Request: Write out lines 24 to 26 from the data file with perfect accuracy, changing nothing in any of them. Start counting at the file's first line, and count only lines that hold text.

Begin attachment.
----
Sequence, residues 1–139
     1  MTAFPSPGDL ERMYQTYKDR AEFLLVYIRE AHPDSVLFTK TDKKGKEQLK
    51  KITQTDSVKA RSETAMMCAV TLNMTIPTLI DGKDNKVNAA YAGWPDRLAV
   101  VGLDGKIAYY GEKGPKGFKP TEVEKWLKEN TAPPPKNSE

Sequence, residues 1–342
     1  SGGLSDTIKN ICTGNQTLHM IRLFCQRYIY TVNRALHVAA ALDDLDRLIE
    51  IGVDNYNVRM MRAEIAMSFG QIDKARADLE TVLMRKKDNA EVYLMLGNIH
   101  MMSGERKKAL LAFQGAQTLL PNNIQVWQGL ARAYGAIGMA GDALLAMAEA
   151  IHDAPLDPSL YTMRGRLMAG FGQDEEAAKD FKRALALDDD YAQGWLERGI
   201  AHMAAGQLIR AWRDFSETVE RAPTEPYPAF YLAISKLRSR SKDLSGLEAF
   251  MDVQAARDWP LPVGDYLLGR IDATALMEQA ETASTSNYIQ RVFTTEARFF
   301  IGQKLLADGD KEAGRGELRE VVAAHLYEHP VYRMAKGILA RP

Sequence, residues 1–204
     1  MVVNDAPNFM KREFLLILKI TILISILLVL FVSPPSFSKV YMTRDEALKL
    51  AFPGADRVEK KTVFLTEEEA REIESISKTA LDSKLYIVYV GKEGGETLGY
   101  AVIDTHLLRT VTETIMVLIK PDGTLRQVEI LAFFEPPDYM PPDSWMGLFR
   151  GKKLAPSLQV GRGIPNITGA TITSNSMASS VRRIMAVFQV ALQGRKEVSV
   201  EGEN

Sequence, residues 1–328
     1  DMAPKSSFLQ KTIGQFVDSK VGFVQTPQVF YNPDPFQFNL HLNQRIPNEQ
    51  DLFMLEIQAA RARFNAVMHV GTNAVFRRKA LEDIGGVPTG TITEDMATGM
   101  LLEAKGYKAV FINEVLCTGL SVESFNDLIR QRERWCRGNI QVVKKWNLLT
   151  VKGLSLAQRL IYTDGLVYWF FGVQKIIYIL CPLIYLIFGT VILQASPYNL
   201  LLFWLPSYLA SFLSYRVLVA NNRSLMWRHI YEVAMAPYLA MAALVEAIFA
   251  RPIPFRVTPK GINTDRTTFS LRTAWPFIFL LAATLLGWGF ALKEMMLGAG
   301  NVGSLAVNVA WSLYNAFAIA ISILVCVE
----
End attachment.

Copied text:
   201  LLFWLPSYLA SFLSYRVLVA NNRSLMWRHI YEVAMAPYLA MAALVEAIFA
   251  RPIPFRVTPK GINTDRTTFS LRTAWPFIFL LAATLLGWGF ALKEMMLGAG
   301  NVGSLAVNVA WSLYNAFAIA ISILVCVE